Bishop says South African shoppers are increasingly using digital access to tailor the way that they shop, and are creating their own ‘path to purchase’. “Retailers have lost control of the conversation. Shoppers are more informed than ever, and the information they access most easily and trust the most is often no longer coming from retailers. This means retailers must think broadly about how product information is communicated to today’s consumers – the old methods of retail marketing are long gone.”
He adds that crossing the digital divide does not mean putting up an e-commerce version of the store on the company website. “Far more important is having the right information online – from extensive product information, peer reviews and prices, to the availability of products. And providing a full range of online tools consumers can embrace. Taking them from online to offline in the store must be a seamless, easy process.”
Bishop says as part of embracing the challenges and opportunities of digital disruption in the retail industry, retailers need to in turn, ‘disrupt’ shoppers and redefine their entire shopping experience. They need to take a step back and really understand who their shoppers are, using big data and digital enhancements to determine the shopping journeys of individual shoppers. Offers relevant to individual customers can then be proactively driven to them in a contextual way.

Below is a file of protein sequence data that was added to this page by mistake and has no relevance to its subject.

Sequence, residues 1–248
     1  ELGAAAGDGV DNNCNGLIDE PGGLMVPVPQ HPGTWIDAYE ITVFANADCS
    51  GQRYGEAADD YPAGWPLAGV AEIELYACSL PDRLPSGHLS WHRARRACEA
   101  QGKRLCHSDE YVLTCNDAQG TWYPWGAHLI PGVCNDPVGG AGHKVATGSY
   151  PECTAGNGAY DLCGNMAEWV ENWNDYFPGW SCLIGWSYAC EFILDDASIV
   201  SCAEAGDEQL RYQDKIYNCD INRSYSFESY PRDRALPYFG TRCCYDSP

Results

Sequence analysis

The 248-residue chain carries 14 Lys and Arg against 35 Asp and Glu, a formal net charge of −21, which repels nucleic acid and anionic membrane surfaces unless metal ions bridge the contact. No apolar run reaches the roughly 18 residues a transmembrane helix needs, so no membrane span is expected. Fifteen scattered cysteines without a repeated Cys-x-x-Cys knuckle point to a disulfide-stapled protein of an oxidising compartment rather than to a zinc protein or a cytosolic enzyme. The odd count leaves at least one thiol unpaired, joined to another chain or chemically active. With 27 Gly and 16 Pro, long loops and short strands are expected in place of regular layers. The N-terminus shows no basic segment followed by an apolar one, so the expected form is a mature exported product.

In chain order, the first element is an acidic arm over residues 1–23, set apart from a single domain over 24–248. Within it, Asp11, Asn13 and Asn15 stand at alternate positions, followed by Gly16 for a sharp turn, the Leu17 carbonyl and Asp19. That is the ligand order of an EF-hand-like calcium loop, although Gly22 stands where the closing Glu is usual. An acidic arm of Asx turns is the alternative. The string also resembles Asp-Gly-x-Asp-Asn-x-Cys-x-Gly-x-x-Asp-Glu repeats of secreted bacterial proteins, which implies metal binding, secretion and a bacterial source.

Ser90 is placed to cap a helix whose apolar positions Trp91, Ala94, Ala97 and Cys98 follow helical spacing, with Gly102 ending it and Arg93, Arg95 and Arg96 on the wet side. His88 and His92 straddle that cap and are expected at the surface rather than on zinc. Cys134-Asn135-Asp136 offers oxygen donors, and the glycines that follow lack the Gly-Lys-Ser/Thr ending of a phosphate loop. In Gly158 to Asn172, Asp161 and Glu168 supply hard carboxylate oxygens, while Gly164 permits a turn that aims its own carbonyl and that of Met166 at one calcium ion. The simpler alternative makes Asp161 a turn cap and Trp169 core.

“We need to use predictive analytics to give our customers the tools and information they don’t yet know they want. Retailers need to see the micro-moments in the customer’s shopping journey where they can sprinkle the pixie dust.”
Scores of CEOs of both global and local FMCG companies will join The Consumer Goods Forum Global Summit – the first of its kind on the African continent – to debate issues such as sustainability, food safety and security, and global environmental practices. The co-chair of The Consumer Goods Forum and chairman of Pick n Pay Stores, Gareth Ackerman, will host the CEOs from among others Walmart, Sainsbury’s, Nestle, McCain and Pepsico, at the prestigious event. The Global Summit is expected to draw more than 800 delegates from over 365 companies in 40 countries.
Manufacturers, retailers and service providers within the consumer goods industry wishing to attend The Consumer Goods Forum Global Summit can register here.
About The Consumer Goods Forum
The Consumer Goods Forum (“The CGF”) is a global, parity-based industry network that is driven by its members to encourage the global adoption of practices and standards that serves the consumer goods industry worldwide. It brings together the CEOs and senior management of some 400 retailers, manufacturers, service providers, and other stakeholders across 70 countries, and it reflects the diversity of the industry in geography, size, product category and format. Its member companies have combined sales of EUR 2.5 trillion and directly employ nearly 10 million people, with a further 90 million related jobs estimated along the value chain. It is governed by its Board of Directors, which comprises 50 manufacturer and retailer CEOs.
For more information, please visit:ww.theconsumergoodsforum.com.